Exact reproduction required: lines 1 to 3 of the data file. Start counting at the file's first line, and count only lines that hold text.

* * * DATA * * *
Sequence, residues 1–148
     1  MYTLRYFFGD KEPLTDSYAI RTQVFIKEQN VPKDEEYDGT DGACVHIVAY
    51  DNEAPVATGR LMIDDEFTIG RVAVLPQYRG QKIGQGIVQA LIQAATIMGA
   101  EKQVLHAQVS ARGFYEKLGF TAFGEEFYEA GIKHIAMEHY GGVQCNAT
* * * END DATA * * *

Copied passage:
Sequence, residues 1–148
     1  MYTLRYFFGD KEPLTDSYAI RTQVFIKEQN VPKDEEYDGT DGACVHIVAY
    51  DNEAPVATGR LMIDDEFTIG RVAVLPQYRG QKIGQGIVQA LIQAATIMGA